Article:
London News & Search
In a day with an inked prime minister, it’s not surprising to see anyone flaunting body art.
In any good-weather walk through downtown London you’re bound to take notice of a number of tattoos, likely done at one of the more than 20 tattoo shops in London.
But what’s popular on the arms, legs and bodies of Londoners will vary depending on which tattoo artist gives the answer.
Veronica Zager, who’s worked in the tattoo industry in London for 17 years, says what she describes as “Pinterest tattoos” — trendy tattoos picked online — have become a hot pick.
“Infinity symbols, coordinates, heartbeats — all those kind of things are popular,” said Zager. “They’re popular for people who are just trying to get a feel for a tattoo.”
Al Hartshorn, who’s worked as a tattoo artist for more than 20 years in London, has noticed this as well, saying he’s noticed pocket watches and doves as trendy requests.
Hartshorn said requests of artwork of photo-realism are popular as well.
Making a comeback according to Jacqui Gallant, owner of Addictive Tattoo, London’s longest running tattoo walk-in shop, are tattoos in the craft’s traditional style with bold lines and bright colours.
“Trends come and go, tattoos don’t,” said Gallant.
She remembers a time when tattoos of the like were watched with caution, rather than observed with interest on London streets.
“When they saw me coming, people would literally take their kids by the hand and cross the street,” said Gallant, whose tattoos cover her from foot to neck. She’s had tattoos done by about 25 artists — the exact number she’s lost count.
She got her first tattoo in 1994 and has spent about 200 hours under the needle since.
“It’s about the journey and the memories, it’s never been a matter of cost,” she said.
In 1996 Gallant opened Addictive.
“We didn’t have a number listed in the phone book and our door was locked. If you didn’t know someone, you weren’t coming in,” said Gallant.
“It was underground, it wasn’t cool. We used to tattoo ourselves to separate ourselves from society. We wanted to be different; we didn’t want to be normal.”
Gallant says today, people get inked for the opposite reason.
“Now people tattoo themselves to fit in,” she said.
Gallant opened the shop with Jason Wojceik, an artist from a now-closed parlour called the Blue Dragon, which she said was the only other serious tattoo shop in the city at the time.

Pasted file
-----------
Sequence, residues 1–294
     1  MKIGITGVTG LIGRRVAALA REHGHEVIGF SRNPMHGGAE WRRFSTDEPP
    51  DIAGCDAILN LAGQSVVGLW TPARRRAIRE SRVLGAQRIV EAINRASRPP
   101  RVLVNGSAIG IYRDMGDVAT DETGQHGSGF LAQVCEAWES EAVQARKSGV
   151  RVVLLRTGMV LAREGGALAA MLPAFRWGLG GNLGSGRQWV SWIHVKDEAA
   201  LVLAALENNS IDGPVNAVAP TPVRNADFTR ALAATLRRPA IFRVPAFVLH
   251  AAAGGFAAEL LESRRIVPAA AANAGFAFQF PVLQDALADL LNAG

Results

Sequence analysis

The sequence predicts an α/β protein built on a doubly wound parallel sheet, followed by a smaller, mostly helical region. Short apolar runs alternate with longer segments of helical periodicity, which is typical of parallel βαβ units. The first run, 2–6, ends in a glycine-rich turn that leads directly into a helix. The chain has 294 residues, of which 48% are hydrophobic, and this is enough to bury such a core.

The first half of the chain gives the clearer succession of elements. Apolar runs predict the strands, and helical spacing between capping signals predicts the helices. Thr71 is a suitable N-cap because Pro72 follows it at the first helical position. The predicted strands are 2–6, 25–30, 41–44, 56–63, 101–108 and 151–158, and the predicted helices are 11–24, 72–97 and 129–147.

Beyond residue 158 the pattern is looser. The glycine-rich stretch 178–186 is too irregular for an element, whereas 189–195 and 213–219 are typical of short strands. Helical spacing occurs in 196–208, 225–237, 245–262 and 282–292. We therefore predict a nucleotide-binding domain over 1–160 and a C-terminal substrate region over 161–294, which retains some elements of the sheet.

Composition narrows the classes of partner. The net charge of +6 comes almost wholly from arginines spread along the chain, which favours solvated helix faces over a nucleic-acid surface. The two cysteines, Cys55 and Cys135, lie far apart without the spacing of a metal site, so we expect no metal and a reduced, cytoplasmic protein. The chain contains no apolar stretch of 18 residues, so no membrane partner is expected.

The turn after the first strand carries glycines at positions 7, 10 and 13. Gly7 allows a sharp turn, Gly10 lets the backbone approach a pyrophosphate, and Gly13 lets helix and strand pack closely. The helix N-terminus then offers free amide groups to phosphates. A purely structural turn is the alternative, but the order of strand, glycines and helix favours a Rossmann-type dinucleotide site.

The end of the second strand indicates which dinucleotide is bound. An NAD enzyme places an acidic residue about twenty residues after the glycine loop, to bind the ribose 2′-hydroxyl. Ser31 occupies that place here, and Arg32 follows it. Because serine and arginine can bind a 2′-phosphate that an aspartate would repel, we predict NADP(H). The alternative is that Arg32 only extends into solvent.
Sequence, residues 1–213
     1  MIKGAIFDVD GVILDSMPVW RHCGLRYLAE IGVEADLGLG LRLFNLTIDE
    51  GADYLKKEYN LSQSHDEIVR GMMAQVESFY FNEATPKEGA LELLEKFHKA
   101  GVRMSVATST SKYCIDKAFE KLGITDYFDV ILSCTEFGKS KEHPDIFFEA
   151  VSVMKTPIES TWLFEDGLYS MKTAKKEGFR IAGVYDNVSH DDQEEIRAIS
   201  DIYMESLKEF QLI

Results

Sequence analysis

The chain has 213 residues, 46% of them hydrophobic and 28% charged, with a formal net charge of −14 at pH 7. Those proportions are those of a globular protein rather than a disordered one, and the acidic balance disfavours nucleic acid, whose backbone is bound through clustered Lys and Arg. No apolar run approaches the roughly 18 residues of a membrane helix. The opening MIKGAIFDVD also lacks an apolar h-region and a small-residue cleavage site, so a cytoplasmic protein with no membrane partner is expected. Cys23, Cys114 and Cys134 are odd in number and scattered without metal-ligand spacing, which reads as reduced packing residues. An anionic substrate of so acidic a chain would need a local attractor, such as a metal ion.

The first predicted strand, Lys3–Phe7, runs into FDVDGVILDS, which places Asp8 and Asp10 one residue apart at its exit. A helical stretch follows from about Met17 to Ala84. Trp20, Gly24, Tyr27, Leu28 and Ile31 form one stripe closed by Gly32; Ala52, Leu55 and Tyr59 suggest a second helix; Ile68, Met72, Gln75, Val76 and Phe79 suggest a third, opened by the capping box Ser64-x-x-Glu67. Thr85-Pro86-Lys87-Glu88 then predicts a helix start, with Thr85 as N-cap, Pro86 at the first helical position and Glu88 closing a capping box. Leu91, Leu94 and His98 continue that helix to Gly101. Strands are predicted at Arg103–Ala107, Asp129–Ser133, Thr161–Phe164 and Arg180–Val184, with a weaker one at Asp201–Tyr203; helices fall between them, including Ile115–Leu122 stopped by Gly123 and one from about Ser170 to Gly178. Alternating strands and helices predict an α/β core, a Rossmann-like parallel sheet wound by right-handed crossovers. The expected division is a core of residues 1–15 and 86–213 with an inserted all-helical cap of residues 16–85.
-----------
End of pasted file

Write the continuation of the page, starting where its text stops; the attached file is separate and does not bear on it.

Zager’s shop, Legacy Tattoo and Piercing, opened in 1999. She said there were only five or six shops in London at that time.
Hartshorn, formerly an artist at Blue Dragon and Addictive himself, and Gallant agreed that tattoos became more popular in the city when tattoo studios became a set for reality TV shows in the mid-2000s, in Miami Ink and the like.
“It changed quite a bit,” said Hartshorn. “It’s becoming more acceptable.”
As for the artists, what has grown more common is tattoo specialists who mainly stick to their own style.
Not yet lost in London is a degree of tattoo-exclusivity that Addictive eventually evolved from.
Mike Austin, of Custom Tattooing By Mike, and John Austin, another Blue Dragon alumnus, who employees at Gallant’s shop called “a legend” and “a pioneer,” is known to schedule appointments months in advance and reject artwork that he deems unfit. Austin, whose private by-appointment shop predates Addictive by four years, agreed that tattooing has changed in the 21st century.
“Todays tattooists are not a collection of eccentric misfits, nor are they as colourful as the old timers. Individuality is uncommon to these days, to an extent,” said Austin.
“That being said, the up and coming truly talented artists are absolutely mind blowing in what they are capable of; things we could only dream of 20 years ago.”
Both Addictive and Legacy Tattoo accept walk-ins and specialty work.
Hartshorn opened his own tattoo studio, the Collector in Lambeth, three weeks ago, where he specializes in dark art pieces.
“Some people say there are so many tattoo shops in the city. I don’t see how having more tattoo shops is a bad thing. It’s promoting tattooing,” said Hartshorn.
At her shop, Gallant estimates the average walk-in tattoo takes an hour or two to complete, costing $150 – $300.
For a “collector”, however, someone like herself or others that collect tattoos like pieces of artwork, it might cost $600 for the average piece of ink.
Tattoo tips from the pros:
- Research artists’ portfolios
- Check studios’ inspection history by the Middlesex-London Health Unit
Prices in London
$100 to $180 per hour, depending on location and artist’s experience.
London News & Search